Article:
Forum ReSoc 27st June 2019
Featuring Christopher D. Buckley, Louise Iles & Valentine Roux
Panel Members Mark Pearce, Constance von Rüden & Thomas Stöllner
Moderation Yiu-Kang Hsu & Peter Thomas
Following Diane Lyons and Joanna Casey (2016), we discuss the role ethnoarchaeology has in developing, testing and building archaeological interpretation and how it produces rich ethnographic and material information to think about human-material relationships, not necessarily as analogies, but as empirical accounts of how culturally different people engage with the material in complex and variable ways.
Technological Innovation and its diffusion seen in archaeological record have been constantly associated with major societal changes over the course of human history. Inferring from material evidence, archaeologists have attempted to identify and characterize the emerging innovation in the past and making assumptions about how it took place and got dispersed. However, artefacts at best are snapshots reflecting an ultimate result rather than an exact process of technical choices. This shortcoming of archaeological enquiry runs a risk of making too much hypothesis about the technological change and its correlation with the transformation of society under study.
Ethnography, a specific subject of studying cross-cultural phenomenon of contemporary societies, has proven useful to delineate the structure of craft production and transmission that contribute to the understanding of technological change and stability (Lyons & Casey 2016). This forum sets up to focus on how ethnographic studies theorize complexity of chaîne opératoire (technical operations), the transfer of the technical tradition and ultimately how these combined factors influence the dynamic process of reception or resistance of innovation (Roux 2007). Although bridging the gap in the archaeological record is one main task of the forum, we do not content with finding analogies for archaeological application. In fact, we rather want to explore ways of thinking differently about how human engaged with technological transfer and to test and develop conceptual models in real time (Cunningham 2009).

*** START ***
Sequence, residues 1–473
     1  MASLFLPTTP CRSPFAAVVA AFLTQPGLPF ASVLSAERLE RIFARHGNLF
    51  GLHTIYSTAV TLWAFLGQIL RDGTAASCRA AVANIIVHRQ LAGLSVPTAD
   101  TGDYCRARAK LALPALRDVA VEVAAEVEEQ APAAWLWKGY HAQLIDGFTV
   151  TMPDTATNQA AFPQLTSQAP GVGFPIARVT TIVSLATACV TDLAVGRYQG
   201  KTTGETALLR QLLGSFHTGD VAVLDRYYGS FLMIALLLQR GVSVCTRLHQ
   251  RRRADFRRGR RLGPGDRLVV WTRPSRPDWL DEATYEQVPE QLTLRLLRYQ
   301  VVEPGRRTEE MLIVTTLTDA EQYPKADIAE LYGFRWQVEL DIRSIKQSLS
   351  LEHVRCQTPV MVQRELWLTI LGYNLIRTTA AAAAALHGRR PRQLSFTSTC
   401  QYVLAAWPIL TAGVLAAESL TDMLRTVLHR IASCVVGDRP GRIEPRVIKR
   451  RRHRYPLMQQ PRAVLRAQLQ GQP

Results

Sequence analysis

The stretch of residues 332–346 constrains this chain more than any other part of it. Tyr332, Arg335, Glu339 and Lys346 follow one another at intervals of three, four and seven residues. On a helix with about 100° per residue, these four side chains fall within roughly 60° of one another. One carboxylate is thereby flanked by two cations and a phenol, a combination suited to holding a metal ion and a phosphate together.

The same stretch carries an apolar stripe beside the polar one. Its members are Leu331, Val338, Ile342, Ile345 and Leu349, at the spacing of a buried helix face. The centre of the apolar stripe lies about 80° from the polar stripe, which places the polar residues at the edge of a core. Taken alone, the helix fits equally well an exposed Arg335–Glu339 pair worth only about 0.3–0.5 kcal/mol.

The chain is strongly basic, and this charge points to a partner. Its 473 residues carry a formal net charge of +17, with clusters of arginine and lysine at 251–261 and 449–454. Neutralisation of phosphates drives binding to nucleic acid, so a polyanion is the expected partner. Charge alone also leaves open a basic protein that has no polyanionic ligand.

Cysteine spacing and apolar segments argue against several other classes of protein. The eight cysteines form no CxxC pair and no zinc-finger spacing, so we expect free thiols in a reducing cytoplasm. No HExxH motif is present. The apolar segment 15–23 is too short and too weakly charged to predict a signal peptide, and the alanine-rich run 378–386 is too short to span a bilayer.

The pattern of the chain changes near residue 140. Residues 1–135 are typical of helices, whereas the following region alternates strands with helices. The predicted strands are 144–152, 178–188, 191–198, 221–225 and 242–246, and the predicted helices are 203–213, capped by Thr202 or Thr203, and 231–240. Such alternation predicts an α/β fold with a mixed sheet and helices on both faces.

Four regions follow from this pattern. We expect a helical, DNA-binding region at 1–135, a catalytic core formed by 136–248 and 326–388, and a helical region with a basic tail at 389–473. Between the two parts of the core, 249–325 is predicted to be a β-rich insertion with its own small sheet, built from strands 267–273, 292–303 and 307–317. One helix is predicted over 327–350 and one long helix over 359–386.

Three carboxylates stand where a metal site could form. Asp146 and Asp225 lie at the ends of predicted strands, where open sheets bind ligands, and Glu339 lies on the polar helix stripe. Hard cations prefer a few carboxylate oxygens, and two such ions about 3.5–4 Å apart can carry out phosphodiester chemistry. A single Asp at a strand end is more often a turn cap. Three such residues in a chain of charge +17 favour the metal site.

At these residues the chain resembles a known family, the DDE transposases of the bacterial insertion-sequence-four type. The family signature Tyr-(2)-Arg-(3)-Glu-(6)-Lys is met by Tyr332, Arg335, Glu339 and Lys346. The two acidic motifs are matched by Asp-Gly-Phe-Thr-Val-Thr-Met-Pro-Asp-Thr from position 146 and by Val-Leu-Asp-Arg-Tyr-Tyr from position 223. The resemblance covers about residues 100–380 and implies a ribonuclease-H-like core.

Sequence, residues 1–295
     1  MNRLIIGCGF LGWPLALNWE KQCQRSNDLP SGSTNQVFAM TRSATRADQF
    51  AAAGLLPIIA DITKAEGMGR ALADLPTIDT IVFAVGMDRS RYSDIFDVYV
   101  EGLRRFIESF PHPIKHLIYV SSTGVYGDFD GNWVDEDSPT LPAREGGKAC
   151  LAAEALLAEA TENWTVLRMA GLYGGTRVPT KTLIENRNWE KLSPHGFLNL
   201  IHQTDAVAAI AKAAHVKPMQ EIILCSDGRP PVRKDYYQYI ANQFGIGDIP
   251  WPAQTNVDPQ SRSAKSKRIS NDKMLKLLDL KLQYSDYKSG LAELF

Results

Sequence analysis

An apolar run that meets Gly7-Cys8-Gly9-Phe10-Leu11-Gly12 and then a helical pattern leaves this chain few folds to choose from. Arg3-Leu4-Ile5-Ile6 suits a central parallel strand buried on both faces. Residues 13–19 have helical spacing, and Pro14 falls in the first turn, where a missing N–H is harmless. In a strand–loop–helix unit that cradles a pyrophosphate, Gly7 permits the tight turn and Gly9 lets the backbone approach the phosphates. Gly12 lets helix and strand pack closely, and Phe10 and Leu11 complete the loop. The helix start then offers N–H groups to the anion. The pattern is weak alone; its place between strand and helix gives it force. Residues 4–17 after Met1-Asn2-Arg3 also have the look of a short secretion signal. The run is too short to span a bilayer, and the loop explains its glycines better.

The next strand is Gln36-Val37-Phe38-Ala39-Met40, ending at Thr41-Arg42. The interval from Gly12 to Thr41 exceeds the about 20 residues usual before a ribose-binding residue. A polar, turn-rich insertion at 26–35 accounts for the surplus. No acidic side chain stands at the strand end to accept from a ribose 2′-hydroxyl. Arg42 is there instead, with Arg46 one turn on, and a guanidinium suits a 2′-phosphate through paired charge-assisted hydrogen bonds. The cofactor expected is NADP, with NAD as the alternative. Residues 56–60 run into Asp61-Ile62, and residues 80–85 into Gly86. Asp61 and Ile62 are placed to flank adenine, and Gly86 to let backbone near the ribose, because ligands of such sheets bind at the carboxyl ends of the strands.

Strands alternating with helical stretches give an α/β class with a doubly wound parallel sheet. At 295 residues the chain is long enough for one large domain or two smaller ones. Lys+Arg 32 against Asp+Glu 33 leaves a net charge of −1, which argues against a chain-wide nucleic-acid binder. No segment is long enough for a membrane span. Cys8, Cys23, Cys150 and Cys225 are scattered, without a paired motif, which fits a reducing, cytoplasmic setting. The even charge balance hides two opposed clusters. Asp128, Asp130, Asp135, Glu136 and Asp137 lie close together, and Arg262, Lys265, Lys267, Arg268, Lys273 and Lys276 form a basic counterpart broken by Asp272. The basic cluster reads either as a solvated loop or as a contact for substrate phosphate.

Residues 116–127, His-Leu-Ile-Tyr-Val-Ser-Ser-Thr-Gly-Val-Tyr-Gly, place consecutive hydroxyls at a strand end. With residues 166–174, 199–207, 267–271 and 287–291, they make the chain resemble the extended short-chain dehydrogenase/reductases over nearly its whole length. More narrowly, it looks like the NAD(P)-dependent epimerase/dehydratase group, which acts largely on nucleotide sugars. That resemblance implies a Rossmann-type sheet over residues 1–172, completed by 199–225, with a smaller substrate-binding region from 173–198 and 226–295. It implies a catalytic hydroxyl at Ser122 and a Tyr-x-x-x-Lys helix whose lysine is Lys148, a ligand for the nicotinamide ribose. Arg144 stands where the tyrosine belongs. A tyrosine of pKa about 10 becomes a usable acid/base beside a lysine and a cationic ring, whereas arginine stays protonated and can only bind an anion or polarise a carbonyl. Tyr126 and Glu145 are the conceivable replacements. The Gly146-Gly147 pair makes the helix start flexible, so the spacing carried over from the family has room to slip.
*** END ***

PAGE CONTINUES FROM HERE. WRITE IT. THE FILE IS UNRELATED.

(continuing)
13:30 to 13:40
13:40 to 14:00
Yiu-Kang Hsu & Peter Thomas, Deutsches Bergbau-Museum Bochum
14:00 to 14:45
Valentine Roux, French National Centre for Scientific Research
14:45 to 15:30
Christopher D. Buckley, Independent Researcher, UK
15:30 to 16:15
Louise Iles, University of Sheffield
16:15 to 16:30
16:30 to 17:15
Christopher D. Buckley (Independent Researcher, UK)
Louise Iles (University of Sheffield)
Mark Pearce (University of Nottingham)
Valentine Roux (French National Centre for Scientific Research)
Constance von Rüden (Ruhr-University Bochum)
Thomas Stöllner (Deutsches Bergbau-Museaum & Ruhr-University Bochum)
Moderation: Yiu-Kang Hsu & Peter Thomas
17:15 to 18:00
Questions and comments from the local audience.
Snack & Chat open to all participants
Cunningham, J. 2009. Ethnoarchaeology beyond correlates. Journal of Ethnoarchaeology 1 (2): 115–136.
Lyons & Casey. 2016. It’s a material world: the critical and on-going value of ethnoarchaeology in understanding variation, change and materiality. World Archaeology 48:5: 609–627.
Roux, V. 2007. Ethnoarchaeology: a non historical science of reference necessary for interpreting the past. Journal of Archaeological Method and Theory 14(2): 153–178.